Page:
“It is remarkable that God began this work among the Indians at a time when I had the least hope, and to my apprehension the least rational prospect of success.”

David Brainerd


John York writes that the Old Testament prophets advance the missionary theme of the Bible in three major ways: “First, they brought something of a covenantal lawsuit against the people of God. In doing this, they often looked beyond the immediate warning of judgment to see a time of restoration. This time of restoration often specifically included the blessings of the nations. Second, the Old Testament prophets viewed the rule of God as encompassing all the earth. The nations are accountable to the moral Judge of the universe even though they had not participated in the historic covenants of the people of Israel… Third, the prophets foretold the day of a new covenant… In this new day, God’s gracious Spirit would be poured out upon all peoples, resulting in salvation and leading to the eschatological day when all would live in harmony under the kingdom rule of God.”[1]

The period of Isaiah’s ministry coincided with polytheistic nations (whose theology taught that a god was tied to one place and people) surrounded Israel. The prophets refused to put Jehovah in this category claiming that He ruled over all peoples everywhere. Thus, while pagan, polytheistic thought maintained that certain gods ruled certain lands,

Isaiah anticipated the complaint that the coming Babylonian exile would be regarded as the defeat of Yahweh. But this view would be misguided, taught Isaiah, for the defeat of Judah by Babylon and the subsequent exile of the nation was an expression of Yahweh’s judgment on a renegade people who refused to obey their God… Simply to explain why the nation would suffer such a devastating defeat did not go far enough in vindicating the sovereignty and majesty of Yahweh before all the other nations, much less one’s own people. The gods of the nations and their peoples had to face up to the fact that Israel’s God should be their God as well.[2]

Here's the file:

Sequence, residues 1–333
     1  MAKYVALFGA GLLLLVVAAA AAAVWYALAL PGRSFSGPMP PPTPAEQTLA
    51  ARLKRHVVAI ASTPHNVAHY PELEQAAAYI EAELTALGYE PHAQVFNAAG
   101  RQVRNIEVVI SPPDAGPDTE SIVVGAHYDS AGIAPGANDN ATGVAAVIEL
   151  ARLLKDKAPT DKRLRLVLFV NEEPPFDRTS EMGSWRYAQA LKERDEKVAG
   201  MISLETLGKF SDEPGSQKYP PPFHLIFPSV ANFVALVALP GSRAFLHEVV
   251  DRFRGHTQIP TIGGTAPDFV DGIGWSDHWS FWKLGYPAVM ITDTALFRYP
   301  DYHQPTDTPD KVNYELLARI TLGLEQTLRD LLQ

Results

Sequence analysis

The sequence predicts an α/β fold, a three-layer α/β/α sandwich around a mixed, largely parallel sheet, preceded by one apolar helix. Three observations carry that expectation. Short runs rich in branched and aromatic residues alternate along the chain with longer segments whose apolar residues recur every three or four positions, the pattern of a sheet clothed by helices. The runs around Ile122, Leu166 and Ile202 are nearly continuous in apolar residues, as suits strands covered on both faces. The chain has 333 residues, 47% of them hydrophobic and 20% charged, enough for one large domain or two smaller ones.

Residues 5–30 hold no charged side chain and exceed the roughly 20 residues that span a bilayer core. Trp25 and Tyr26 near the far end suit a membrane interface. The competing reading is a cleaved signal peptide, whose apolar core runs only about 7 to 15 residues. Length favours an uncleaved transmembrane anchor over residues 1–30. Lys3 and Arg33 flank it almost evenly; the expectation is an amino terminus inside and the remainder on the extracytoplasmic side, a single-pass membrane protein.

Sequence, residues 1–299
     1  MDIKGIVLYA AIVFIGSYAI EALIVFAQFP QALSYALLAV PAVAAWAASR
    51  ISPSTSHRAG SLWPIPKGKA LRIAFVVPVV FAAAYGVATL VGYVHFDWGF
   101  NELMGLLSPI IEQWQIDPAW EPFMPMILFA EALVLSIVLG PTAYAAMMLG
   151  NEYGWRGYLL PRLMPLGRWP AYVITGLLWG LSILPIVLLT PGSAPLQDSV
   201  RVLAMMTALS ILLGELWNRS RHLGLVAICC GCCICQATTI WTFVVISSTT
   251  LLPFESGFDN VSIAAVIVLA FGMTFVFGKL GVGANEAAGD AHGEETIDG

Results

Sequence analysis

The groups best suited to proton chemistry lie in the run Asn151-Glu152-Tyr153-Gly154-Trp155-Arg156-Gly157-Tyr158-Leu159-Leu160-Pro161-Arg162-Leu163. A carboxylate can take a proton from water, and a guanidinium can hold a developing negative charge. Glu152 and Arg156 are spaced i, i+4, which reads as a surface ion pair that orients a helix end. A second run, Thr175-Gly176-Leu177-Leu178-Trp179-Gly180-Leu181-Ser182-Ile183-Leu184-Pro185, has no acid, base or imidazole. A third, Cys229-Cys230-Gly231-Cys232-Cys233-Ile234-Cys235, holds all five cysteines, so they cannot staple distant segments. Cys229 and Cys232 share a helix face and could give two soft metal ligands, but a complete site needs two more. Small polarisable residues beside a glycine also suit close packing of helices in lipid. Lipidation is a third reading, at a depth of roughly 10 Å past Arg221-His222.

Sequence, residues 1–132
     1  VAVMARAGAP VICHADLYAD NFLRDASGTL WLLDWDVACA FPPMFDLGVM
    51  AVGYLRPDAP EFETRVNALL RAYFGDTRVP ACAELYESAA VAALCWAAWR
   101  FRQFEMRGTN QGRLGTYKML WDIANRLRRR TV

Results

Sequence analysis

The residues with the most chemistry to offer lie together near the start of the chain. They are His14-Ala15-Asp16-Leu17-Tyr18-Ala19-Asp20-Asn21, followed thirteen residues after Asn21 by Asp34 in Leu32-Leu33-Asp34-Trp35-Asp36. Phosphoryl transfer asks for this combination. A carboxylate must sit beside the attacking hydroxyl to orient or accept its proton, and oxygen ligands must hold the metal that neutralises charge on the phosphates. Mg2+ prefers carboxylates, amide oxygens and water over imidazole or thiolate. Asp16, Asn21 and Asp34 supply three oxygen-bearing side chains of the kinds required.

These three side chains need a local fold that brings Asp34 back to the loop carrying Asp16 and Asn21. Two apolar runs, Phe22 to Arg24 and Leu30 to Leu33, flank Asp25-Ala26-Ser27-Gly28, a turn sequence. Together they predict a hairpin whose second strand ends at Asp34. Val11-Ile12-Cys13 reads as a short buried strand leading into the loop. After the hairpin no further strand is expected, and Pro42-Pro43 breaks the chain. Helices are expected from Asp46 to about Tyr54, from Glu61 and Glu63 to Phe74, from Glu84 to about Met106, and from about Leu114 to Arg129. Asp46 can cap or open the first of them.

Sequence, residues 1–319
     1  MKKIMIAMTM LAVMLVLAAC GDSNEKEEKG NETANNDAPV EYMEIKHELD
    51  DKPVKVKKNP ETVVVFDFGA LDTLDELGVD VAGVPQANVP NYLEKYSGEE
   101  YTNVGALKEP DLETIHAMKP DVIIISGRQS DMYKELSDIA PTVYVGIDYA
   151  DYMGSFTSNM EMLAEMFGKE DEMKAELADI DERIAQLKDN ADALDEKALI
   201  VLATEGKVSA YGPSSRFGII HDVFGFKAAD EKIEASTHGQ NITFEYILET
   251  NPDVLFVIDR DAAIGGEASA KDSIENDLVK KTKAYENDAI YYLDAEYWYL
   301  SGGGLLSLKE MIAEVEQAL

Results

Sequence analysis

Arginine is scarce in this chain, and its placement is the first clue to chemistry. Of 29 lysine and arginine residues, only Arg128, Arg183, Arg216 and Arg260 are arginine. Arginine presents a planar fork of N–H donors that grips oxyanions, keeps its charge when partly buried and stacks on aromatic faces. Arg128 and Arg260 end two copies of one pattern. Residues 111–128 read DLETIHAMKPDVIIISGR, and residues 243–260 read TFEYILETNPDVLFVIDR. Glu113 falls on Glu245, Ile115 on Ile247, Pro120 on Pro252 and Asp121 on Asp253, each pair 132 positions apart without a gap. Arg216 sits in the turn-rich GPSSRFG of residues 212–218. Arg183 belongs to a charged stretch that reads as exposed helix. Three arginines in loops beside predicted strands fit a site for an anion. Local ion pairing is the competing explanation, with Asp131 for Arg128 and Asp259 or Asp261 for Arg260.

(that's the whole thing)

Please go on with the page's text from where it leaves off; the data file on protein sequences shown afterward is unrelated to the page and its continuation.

In this sense Isaiah insisted on a universal application of both condemnation and salvation: All the nations have sinned, rebelled against Jehovah; all the nations must repent; and all the nations will be represented around Jehovah’s eternal throne.

The first chapters of Isaiah include prophetic missionary and universal themes:[3]

Covenantal lawsuit that includes universal redemption: God’s children have rebelled against Him and forsaken the Lord, but God would redeem a remnant that would include Sodom and Gomorrah. Thus, the sins of the nations could be made white as snow along with those of Israel (Isa. 1:3 –4, 9–11, 18). 

God’s global rule: The day of the Lord will come on all: everything and everyone proud and lofty, whether over Jacob, the Philistines, Lebanon, or Spain. No one will escape the terror of the Lord when He arises to shake the whole earth (2:6, 12–13, 16, 19).

The inclusive new covenant: It will come to pass in the latter days that all the nations will flow to Jehovah. The Lord will purge by the spirit of judgment and burning, and there will be a covering, place of refuge, and shelter from storm and rain (2:2, 4:4–6).

[1] John V. York. Missions in the Age of the Spirit. Springfield, MO: Logion Press, 2001. 53–54.
[2] Walter C. Kaiser, Jr. Mission in the Old Testament: Israel As a Light to the Nations. Grand Rapids, MI: Baker Academic, 2000. 52.
[3] “Universal” as in available to all nations and peoples, not as in a liberal soteriological sense where someone can be saved outside of faith in Jesus Christ.

Prayer Focus: Cambodia
Today’s Unreached People Group: Kampuchea Krom
Population: 276,000
Language: Khmer
Primary Religion: Buddhism
Evangelical: 0.60%
Estimated Workers Needed: 6

[Source: Joshua Project]

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